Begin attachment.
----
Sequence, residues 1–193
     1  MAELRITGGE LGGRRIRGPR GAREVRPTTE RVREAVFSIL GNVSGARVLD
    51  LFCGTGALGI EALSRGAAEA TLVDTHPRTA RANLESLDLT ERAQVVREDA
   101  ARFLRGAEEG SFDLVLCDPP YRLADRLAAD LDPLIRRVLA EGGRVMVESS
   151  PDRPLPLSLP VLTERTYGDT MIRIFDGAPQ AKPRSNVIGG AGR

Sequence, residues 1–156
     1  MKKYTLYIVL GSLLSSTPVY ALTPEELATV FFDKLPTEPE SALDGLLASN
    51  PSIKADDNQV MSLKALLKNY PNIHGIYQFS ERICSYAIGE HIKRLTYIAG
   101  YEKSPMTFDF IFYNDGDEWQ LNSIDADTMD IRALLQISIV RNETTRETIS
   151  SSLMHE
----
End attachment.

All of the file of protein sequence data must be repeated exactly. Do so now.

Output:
Sequence, residues 1–193
     1  MAELRITGGE LGGRRIRGPR GAREVRPTTE RVREAVFSIL GNVSGARVLD
    51  LFCGTGALGI EALSRGAAEA TLVDTHPRTA RANLESLDLT ERAQVVREDA
   101  ARFLRGAEEG SFDLVLCDPP YRLADRLAAD LDPLIRRVLA EGGRVMVESS
   151  PDRPLPLSLP VLTERTYGDT MIRIFDGAPQ AKPRSNVIGG AGR

Sequence, residues 1–156
     1  MKKYTLYIVL GSLLSSTPVY ALTPEELATV FFDKLPTEPE SALDGLLASN
    51  PSIKADDNQV MSLKALLKNY PNIHGIYQFS ERICSYAIGE HIKRLTYIAG
   101  YEKSPMTFDF IFYNDGDEWQ LNSIDADTMD IRALLQISIV RNETTRETIS
   151  SSLMHE